For anyone who has a love of exploring the world around them, there’s nothing more exciting than coming upon an oddity hidden in plain sight.

“The world is a big, weird place,” says Dylan Thuras, co-founder of the website Atlas Obscura. “I think that people are really pleased to be reminded of just sort of how vast and odd and fascinating [it] is.”

The Brooklyn-based website defines itself as “the definitive guide to the world’s wondrous and curious places,” and it is chock full of fascinating entires about both far-off lands and stuff just a subway ride away.

It features an ever-growing database of 10,000 entries covering locations worldwide, and lands 5 million unique users a month, as well as more than 100,000 registered users, says Thuras, who lives in Greenpoint.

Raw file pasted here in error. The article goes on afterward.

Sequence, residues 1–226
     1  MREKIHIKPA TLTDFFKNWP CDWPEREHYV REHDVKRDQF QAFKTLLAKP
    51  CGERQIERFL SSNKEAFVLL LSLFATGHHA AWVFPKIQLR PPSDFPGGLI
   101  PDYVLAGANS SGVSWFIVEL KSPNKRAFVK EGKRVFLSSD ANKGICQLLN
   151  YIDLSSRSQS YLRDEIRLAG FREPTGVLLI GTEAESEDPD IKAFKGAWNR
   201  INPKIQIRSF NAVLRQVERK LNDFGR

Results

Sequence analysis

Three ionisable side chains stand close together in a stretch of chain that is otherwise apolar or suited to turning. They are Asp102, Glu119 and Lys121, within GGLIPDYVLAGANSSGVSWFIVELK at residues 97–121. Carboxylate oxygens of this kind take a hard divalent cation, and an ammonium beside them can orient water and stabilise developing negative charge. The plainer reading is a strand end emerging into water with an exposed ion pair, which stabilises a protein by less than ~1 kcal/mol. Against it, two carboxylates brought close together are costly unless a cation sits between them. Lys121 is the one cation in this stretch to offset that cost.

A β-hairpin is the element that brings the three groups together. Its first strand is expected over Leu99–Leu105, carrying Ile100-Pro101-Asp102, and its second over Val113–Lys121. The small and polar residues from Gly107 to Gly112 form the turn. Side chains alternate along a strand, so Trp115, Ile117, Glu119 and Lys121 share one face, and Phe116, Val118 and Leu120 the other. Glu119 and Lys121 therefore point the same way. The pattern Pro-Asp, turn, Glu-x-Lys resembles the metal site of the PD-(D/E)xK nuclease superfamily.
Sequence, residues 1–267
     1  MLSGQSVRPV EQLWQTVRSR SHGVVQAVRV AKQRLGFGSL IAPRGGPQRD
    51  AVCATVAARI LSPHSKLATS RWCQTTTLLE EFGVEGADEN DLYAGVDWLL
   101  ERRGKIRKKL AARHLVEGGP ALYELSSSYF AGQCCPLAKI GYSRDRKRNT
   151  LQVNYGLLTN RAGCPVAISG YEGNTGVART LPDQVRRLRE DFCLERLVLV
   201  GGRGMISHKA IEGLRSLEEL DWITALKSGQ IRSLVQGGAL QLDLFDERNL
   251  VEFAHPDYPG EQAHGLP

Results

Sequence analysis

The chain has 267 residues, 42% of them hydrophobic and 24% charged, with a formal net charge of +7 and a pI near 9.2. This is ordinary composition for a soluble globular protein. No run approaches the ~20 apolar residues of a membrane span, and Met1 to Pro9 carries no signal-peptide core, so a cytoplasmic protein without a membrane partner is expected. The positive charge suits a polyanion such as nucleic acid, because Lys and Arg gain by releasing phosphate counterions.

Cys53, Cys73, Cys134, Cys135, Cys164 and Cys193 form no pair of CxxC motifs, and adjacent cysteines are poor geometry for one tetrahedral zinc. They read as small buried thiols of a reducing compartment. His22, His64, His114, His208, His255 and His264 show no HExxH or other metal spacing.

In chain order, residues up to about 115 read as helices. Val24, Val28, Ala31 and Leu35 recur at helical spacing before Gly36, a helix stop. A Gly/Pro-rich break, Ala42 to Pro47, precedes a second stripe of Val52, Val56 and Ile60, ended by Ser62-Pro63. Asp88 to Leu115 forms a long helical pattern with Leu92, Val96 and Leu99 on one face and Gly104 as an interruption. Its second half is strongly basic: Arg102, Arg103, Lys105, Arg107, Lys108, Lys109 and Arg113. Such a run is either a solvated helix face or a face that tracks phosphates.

Thuras, along with Ella Morton and the site’s co-founder Joshua Foer, is celebrating the release of the massive new book “Atlas Obscura: An Explorer’s Guide to the World’s Hidden Wonders,” with a party on Sept. 24 that will feature aerialists, contortionists, food trucks and more.

The book — which the authors started writing from scratch to give it a consistent tone and feel — has around 700 entries covering all seven continents.

“We wanted to make an object where you could say, ‘Page through this and you’ll understand the frame that we look through when we’re trying to see the world from an Atlas Obscura perspective,’” Thuras says.